When one refers to "Fred Harvey era" jewelry, one is generally speaking of lightweight and mass-produced jewelry that was made for sale to the Anglo tourists along the Santa Fe railroad lines, in shops run by the Fred Harvey Company.
Near the end of the 19th century and through to 1930, the tourist trade in the Southwest saw considerable growth. Native-made jewelry was one of the more popular commodities that the Anglo tourist purchased and brought back home, as it was a wearable token of their travels and of their experiences in the Southwest. Once Native jewelers and traders realized the Anglo preference, they began catering to the Anglo tourist's tastes by producing a full line of lightweight jewelry, much of it mass-produced with the help of specialized machinery and commercial sheet silver.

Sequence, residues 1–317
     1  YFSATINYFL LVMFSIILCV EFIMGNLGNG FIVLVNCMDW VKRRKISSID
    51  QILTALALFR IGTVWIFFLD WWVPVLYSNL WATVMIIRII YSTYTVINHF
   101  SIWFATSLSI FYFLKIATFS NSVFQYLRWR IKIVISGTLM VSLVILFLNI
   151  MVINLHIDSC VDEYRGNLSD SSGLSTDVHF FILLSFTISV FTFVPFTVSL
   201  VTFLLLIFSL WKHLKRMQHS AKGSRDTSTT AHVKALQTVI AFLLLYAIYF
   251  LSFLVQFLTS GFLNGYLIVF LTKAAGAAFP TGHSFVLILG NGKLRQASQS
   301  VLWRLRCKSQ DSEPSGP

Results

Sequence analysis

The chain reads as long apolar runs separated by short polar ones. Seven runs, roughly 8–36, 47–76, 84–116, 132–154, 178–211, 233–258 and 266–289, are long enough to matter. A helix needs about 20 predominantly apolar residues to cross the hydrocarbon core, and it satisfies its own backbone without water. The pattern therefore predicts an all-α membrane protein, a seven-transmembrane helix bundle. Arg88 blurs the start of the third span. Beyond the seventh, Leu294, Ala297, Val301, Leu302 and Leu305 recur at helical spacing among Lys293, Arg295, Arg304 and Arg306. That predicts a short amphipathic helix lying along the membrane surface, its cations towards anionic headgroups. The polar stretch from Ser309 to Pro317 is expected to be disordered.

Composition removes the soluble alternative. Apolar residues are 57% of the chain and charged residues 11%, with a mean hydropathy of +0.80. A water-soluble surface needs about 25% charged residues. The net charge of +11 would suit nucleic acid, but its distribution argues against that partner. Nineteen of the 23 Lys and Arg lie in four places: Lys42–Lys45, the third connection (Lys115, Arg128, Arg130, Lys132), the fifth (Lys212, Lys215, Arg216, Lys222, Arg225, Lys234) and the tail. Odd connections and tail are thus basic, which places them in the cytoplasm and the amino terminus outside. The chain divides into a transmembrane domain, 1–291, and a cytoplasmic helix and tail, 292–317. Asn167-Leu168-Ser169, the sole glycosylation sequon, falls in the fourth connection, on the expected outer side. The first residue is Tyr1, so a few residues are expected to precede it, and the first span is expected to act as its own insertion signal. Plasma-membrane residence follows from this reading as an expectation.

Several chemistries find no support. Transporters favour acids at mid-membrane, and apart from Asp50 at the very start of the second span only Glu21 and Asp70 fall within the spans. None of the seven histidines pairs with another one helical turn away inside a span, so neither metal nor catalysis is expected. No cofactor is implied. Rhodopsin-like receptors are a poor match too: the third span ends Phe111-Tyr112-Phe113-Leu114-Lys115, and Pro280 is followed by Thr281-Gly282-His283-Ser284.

‘Fred Harvey’ style jewelry is very popular, as it was created with generous amounts of silver and beautiful details. This cuff bracelet is of a stamped sterling silver petroglyph design.